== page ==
I also learned yet another new and astonishing fact about one of my friends. Kinlock has a falls you can slide down. Maybe fifteen feet high. The water is shallow at the bottom there. Only three or four feet. There are also at least three different ledges that people jump off of into the swimming hole. In my best estimation, they range in height from probably 20 feet up to about 60.

The water is obviously deeper where you jump off the ledges. Again estimating, it's probably between seven and eight feet. So we all slid down the falls when we got there. LJ and I swam over, climbed up and jumped off the lowest rock. After awhile, I noticed WG was just sitting and watching everyone. I approached him.

"Why aren't you jumping off the rocks?"
"I can't swim."
"Uhh, then why do you come here?"
"I have fun just watching everyone else."

I can't even begin to... I mean, I'm fine if you can't swim. I can't roller skate. But I don't go to the skating rink and just watch.

Although I will admit, there was one kid there, in serious need of a mansierre, who was providing entertainment for most everyone. He was spry. Doing flips off the lowest rock. I'm not even sure I could turn a flip on solid ground.

Monday was my sister's two-year wedding anniversary. Had lunch with her. She is excited about going to Atlanta next weekend for my cousin's wedding. Because apparently, she's never been to Atlanta! I know I raised her better than that.

Perhaps I'll regain my ability to be moderately interesting and engaging before I lose all my readers. But for now...

Under the O... sixty-seven. O... sixty-seven.

Please, someone bingo.

"I ain't got many friends left to talk to. Nowhere to run when I'm in trouble. You know I'd do anything for you..."
Tuesday, July 25, 2006
What I miss
You know what I miss?

That feeling of security. The feeling that comes after you've been together awhile. When you know that no matter what problems arise, what petty arguments you might have, you're gonna work thru it. That you're on the same team. Fighting for love. Not fighting against each other.

Being on double dates and shooting knowing glances at each other across the table. Glances that say, "Can you believe these two" and "I'm ready whenever you are" and "Let's get out of here."

When she knows what I'm thinking. Even when I'm not thinking it. When I can't figure out what type of food I'm in the mood for, and she makes the perfect suggestion. And it seems she knows me better than I know myself.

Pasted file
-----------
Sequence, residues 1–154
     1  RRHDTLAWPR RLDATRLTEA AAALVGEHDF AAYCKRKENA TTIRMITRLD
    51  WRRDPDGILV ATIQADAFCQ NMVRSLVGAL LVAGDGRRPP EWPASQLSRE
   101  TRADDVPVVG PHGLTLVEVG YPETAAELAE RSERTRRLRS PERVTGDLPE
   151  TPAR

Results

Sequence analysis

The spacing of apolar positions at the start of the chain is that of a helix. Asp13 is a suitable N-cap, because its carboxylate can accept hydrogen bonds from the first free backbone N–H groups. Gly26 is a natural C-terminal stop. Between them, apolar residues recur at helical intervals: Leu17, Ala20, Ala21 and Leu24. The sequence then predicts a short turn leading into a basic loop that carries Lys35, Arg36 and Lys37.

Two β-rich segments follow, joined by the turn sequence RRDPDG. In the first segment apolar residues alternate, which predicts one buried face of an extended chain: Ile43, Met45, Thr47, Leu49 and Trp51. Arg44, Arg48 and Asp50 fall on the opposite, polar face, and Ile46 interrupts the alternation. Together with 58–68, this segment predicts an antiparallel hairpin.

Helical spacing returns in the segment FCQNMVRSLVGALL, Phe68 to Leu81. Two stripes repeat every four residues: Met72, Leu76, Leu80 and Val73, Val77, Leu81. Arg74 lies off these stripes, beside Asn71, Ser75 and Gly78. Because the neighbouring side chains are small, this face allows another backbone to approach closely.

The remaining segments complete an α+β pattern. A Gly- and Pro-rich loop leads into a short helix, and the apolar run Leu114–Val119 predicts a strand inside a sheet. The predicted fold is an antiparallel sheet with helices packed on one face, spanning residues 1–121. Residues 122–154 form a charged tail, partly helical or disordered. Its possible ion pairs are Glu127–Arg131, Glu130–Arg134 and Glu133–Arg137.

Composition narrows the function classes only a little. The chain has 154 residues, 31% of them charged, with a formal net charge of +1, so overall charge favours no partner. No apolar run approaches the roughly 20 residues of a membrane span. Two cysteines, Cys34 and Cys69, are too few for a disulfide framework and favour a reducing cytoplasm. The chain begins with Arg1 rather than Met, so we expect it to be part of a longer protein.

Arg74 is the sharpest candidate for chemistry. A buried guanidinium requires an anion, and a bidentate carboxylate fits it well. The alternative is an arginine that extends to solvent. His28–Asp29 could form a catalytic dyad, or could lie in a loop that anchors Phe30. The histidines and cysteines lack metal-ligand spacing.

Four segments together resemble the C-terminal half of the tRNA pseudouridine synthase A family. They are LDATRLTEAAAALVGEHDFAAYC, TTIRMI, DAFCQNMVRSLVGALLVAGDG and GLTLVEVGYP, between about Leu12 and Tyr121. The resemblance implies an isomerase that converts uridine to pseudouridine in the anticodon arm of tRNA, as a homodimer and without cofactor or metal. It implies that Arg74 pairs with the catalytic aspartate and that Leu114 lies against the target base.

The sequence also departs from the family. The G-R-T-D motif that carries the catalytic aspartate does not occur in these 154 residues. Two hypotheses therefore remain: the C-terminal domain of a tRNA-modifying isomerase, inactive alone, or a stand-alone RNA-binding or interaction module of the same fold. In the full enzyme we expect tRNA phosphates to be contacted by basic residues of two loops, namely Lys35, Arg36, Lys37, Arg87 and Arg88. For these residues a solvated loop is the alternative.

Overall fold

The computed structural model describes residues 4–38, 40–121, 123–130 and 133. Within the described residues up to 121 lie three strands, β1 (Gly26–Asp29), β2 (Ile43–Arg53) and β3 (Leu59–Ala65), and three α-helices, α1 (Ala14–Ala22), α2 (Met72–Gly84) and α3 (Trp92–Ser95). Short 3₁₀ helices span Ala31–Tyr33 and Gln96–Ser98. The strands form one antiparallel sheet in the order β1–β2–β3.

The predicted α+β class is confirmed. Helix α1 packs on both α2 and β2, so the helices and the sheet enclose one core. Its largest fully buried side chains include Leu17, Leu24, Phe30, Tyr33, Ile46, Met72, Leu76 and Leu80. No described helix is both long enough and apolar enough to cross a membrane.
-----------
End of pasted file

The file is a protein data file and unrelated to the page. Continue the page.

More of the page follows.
I miss birthdays and holidays. I miss Christmas Eve, after all the family stuff is done. Coming back home, just us two. And just being. Talking. Hanging out.

That's my favorite time. When it's just us two. Almost to the point where hanging out with other people often seems like a chore.

Tracing the outline of her face with my finger over and over and over. So that if I ever lost my sight, I would still be able to recognize her.

I miss spontaneous road trips. Her falling asleep in the passenger seat. And me watching her and smiling.

Surprising her. Seeing that look of happiness on her face. Standing beside her. Carrying her when she needs it. Stepping back sometimes and letting her shine.

I miss knowing someone will be there. No matter what each day brings. No matter what goes wrong in my life, or what goes right. She'll be there to listen. To share in the joy and the pain. We'll be there for each other, thru the peaks and valleys.

Falling asleep each night knowing there is someone in this world who loves me with everything she is. Knowing she doesn't want anyone else. And neither do I.

That's what I miss.

"I think we should try. I think I could need this in my life. I think I'm scared. I think too much..."
Thursday, July 20, 2006
Over before it began
I remember it like it was twenty years ago. The day of the big fight. Cedric King, the reigning school bully. Against Billy Lansdell. The new kid. The transfer student.

Our middle school went from 4th to 7th grade. I was never sure why. Cedric had been terrorizing the halls and playgrounds all year. He wasn't that tall. And his eyes were not exactly straight, so it was impossible to tell if he was speaking to you. But he was built like a middleweight boxer.